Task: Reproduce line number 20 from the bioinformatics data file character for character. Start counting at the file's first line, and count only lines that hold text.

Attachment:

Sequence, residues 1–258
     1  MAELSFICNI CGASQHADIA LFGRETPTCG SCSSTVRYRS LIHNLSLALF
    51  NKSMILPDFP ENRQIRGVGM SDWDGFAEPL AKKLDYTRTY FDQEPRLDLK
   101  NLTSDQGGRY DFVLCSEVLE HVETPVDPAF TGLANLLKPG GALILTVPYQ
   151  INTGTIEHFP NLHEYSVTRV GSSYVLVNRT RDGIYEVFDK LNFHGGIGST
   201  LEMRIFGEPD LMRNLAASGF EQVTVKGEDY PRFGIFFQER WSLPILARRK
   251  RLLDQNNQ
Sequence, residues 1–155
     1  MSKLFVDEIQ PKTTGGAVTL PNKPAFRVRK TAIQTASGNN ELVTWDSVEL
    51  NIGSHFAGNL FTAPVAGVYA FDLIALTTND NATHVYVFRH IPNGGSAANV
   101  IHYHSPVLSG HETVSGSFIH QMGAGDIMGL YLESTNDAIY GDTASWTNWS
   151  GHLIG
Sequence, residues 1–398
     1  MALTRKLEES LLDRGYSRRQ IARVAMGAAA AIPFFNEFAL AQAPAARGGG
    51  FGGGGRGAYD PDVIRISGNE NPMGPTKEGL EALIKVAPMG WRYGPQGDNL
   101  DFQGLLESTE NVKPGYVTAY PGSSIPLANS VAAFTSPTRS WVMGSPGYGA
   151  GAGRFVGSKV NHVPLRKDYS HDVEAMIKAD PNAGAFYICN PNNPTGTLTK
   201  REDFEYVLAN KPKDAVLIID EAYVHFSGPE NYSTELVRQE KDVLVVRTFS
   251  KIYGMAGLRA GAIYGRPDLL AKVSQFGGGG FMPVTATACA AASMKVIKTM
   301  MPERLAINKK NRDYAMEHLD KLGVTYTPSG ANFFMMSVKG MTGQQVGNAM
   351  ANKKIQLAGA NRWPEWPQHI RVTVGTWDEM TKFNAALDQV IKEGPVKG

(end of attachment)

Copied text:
   301  MPERLAINKK NRDYAMEHLD KLGVTYTPSG ANFFMMSVKG MTGQQVGNAM